The top-ranked safety in college football’s 2018 recruiting class will play for the Texas Longhorns after signing with Tom Herman’s squad. Angleton (Texas) product B.J. Foster gave Tom Herman’s first full recruiting class in Austin a huge boost when he verballed early this year. Foster missed some time late in his high school season with a knee injury, but returned to have an impact in his team’s playoff run which eventually fell short of a state title.
Texas’ class really started to take shape in April, when Herman’s staff beat out Oklahoma for a handful of important commitments. Foster’s is arguably the biggest yet, after he picked UT over offers from Ohio State, LSU, TCU, Michigan, and scores more. Foster could’ve chosen to play more or less anywhere.
Foster is an elite athlete. He’s been laser-timed at a 4.52-second 40-yard dash, and he has the range to play as either a deep or strong safety. An injury cost Foster much of his junior season, but a strong senior year could make him the No. 1 overall player in the Lone Star State. (That’s currently cornerback Anthony Cook, from Houston.)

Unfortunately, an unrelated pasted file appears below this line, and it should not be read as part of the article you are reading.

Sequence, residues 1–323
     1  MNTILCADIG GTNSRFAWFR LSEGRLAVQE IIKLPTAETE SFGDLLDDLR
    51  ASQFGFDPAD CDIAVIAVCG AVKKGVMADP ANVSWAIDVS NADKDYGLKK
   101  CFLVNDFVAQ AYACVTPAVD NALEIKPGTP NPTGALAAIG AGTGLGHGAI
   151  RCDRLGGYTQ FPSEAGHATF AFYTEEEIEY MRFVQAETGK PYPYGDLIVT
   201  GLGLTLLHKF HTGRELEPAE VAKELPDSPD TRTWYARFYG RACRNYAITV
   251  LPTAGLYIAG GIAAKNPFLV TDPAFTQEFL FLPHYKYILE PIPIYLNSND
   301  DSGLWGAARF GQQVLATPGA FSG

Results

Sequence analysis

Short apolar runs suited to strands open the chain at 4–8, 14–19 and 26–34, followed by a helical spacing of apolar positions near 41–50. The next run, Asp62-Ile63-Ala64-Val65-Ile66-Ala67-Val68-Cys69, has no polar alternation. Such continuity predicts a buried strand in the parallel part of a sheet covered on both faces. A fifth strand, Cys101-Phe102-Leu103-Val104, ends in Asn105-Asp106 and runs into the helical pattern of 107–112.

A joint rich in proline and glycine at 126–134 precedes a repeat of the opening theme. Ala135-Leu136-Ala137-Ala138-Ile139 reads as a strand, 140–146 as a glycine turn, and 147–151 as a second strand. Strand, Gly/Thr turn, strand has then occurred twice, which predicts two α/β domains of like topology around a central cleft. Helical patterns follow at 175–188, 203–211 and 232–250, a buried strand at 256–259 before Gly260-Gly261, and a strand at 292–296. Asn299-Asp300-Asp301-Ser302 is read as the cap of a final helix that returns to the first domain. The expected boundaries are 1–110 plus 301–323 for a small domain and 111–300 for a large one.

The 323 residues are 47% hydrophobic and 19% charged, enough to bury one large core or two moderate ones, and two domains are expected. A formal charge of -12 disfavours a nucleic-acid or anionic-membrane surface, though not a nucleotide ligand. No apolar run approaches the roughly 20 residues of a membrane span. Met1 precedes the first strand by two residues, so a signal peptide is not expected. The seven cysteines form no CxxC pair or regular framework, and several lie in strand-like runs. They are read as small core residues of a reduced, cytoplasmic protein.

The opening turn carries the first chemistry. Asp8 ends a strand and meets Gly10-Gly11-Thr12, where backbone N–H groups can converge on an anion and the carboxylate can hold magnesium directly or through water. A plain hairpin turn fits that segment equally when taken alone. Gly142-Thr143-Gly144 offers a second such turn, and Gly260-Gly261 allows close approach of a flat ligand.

Foster was the 12th verbal pledge in the 2018 class for Texas at the time. He’s the second elite safety in the class, along with four-star in-state prospect (and No. 4 safety nationally) Caden Sterns. The Longhorns are building quite a wall on the back end of their defense.
Herman is an elite recruiter. That was true during his two seasons as the head coach at Houston, and it was true during a long run as an assistant before that — most recently at Ohio State. But his first signing class at Texas was transitional, after he took the job in December and had to ink players two months later. Texas had a dearth of elite talent at the top of that class, its lowest-ranked ever.
But that Herman is rebounding now is not a surprise. He’s always been good on the trail, and coaches tend to do exponentially better in their second signing class than the first. The 2017 Texas class finished ranked 26th nationally. 2018’s will beat that, and it could be a turning point for the Longhorns’ fortunes in the Big 12.